As one watches one's own children grow up and learn. one reflects upon the vital role of learning as an agent of culture. In order to serve humankind. is toddling around and absorbing everything that's going on. learning. to say nothing of its strategic place in the mechanism of survival. The so-called "army method" of World War II was deeply influenced by anthropologically trained linguistic scientists. but at ourselves. children . which she obviously disapproves. There is much to learn of the details of how this process works in different cultures. and it is just barely possible that by studying others we Americans. might actually learn things that would help us to break out educational log jam. cannot run wild but has to be channeled and at times directed. Children. learning has often become painful and difficult. absorbs what goes on around it at a rate which is never equaled again in its lifetime. like most three-year-olds. Parents and older people in general play a part. have been looked down upon. without culture. in which the acquired base is entirely different from our own. Having learned to learn in a particular fashion. S. Yet the schools are not the only agents responsible for education. Something in what she sees makes her anxious. She sits still for a moment and suddenly blurts out without warning and in a disapproving tone of voice. from the time it is born. It also suggests that a deep chasm exists that separates the acquired side of American culture from the learned side. Instead of being rewarding for the child. Any child.48 TH£ S I L E N T LANGUAGE THE VOCABULARY OF CULTURE 49 their having to deal with problems that arose from studying the "primitive" languages. Americans in particular have too long assumed that the U. Here is an example of this which has been experienced in one way or another by almost everyone who shares in our culture. stop that! Don't be such a copycat. the atoll in the Southwest Pacific. like sex. This story begins when a great-grandmother visits her three-year-old great-granddaughter. It is a symptom that something is wrong with our way of teaching. educational system represents the ultimate in evolution and that other systems are less advanced than our own. who pride ourselves on our efficiency. one of her main concerns is to gain control of the communications taking place around her in order to be able to interact with others on their own terms." By withholding approval the great-grandmother is demonstrating one of the principal ways in which learning is directed away from conscious imitation. On Truk. provided that the educational system hasn't produced blocks to learning. until the time it is four or five. Louise. Just why we feel so complacent and smug can be explained only by the blindness that culture imposes on its members. The educator has much to learn about his own systems of learning by immersing himself in those that are so different that they raise questions that have never been raised before. The child. So was the current State Department language program. "Look at the little copycat. At six to ten children are still going strong. She is in the process of acquiring the base on which learned culture will later be built. are exceedingly sensitive to this process. Great-grandmother watches this. Even the highly elaborated and beautifully adapted educational techniques of Japan. Apart from eating and sleeping. of course. The fact that so many of our children dislike school or finish their schooling uneducated suggests that we still have much to learn about learning as a process. adults can communicate their prejudices or convictions in a variety of subtle and often not so subtle ways. not at others. Our current approach to the teaching of reading is just one of the many obvious defects in American pedagogy. Certainly there is very little reason for complacency when one looks.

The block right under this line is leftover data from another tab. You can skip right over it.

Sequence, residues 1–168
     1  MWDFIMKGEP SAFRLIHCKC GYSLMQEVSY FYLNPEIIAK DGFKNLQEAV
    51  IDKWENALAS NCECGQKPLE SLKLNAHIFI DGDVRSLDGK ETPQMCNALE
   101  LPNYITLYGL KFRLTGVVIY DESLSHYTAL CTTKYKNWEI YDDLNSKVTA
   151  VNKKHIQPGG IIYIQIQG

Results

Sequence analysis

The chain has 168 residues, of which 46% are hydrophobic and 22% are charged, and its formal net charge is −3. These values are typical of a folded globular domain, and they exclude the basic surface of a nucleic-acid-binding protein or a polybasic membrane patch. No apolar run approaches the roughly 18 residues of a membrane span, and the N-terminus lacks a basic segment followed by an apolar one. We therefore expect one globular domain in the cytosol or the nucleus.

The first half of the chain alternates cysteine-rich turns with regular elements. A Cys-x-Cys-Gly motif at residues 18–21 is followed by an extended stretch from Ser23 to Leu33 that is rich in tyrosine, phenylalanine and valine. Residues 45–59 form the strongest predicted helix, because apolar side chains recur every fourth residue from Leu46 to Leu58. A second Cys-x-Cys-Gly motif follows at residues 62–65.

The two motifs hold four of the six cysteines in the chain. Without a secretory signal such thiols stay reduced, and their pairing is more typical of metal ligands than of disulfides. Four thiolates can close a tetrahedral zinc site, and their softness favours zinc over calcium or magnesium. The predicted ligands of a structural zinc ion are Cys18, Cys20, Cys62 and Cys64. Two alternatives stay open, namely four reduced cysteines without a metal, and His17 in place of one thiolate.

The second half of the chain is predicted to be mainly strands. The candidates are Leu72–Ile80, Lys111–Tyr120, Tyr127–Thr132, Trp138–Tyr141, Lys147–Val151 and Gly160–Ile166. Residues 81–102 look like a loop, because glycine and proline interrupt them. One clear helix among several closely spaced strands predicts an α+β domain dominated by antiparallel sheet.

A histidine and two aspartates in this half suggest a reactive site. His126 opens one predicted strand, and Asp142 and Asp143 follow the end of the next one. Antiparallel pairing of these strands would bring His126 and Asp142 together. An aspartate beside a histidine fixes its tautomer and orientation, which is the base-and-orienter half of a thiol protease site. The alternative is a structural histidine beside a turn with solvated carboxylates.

Another example of the close relationship between play and defense is the practice exercises and maneuvers of the military which are spoken of as "war games. "He doesn't know yet. yet both have made singular contributions to the world of science.humor is often used to protect or hide vulnerabilities. As it now stands. there are often a certain amount of violence associated with play—jokes had an earthy flavor and often hurt or embarrassed the butt of the joke. However. the current educational mode in the United States is to tell the child to guess if he doesn't know the meaning of a word. Some cultures seem to place less emphasis on speed and perhaps a little more on learning correctly. The American will say." In fact. In the Far East. he is only a child. of course. even races. to take an extreme example. People laugh and tell jokes. play has been a relatively recent and not too well understood addition to living processes. Play and the PMS of defense are also closely related. . In the Old West. of course. American humor is a binary type of humor. learning is supposed to be endowed with a certain amount of pressure so that the fast learner is valued over the one who learns slowly. Not the best training for future scientists. is because no one taught them in a way which was consistent with how they learned everything else in life. Somehow the fetish of explanation and logic as a process does not seem to weigh down the Arab or the Japanese. which is either turned on or off. play with us is seldom an autonomous activity. these differences represent one of the barriers that have to be overcome each time two people raised in different cultures interact over any but the shortest period of time. explanations that go with it. 8. games among the Pueblo of New Mexico. "Why can't the South Americans learn to be on time?" or "Why can't the Thai learn to boil the water for the ice cubes?" The answer." There are places and times for play—such as recreation rooms in houses and recreation areas in parks—as well as a vast amusement industry which keeps flourishing. Americans like to think that children must "understand" what they have learned. one can say that it is interwoven into all of the other PMS. What happens. Some games like chess and Chinese checkers are almost entirely a function of a specific type of intellectual development. and if you can learn the humor of a people and really control it you know that you are also in control of nearly everything else. It is well developed in mammals but not so easily recognizable in birds. and its role as an adaptive mechanism is yet to be pinned down. however. On the other hand. As a consequence." One of the cardinal features of much western European play is that often it involves competition. With us. How people learn to learn differently will continue to be an area of investigation for some time to come. is that a good deal of material that would be simple enough to acquire without frills is made more difficult by the complex. seem very strange to us because they may involve an old man and a little boy in the same race with young men The function of the race is not to beat someone else but only to "do one's very best. In the course of evolution. Many peoples around the world have what are known as "joking relationships. In general." and even in our own culture there is a category of relationship known as the "playmate." Americans tend to correct children rather impatiently. Play and learning are intimately intertwined. and often erroneous. and it is not too difficult to demonstrate a relationship between intelligence and play.50 THE S I L E N T L A N G U A G E ТЯЕ VOCABULARY OF CULTURE 51 are permitted to reach the age of nine or ten before anyone begins to get technical with them about what they are supposed to know. Play. As the Trukese phrase it.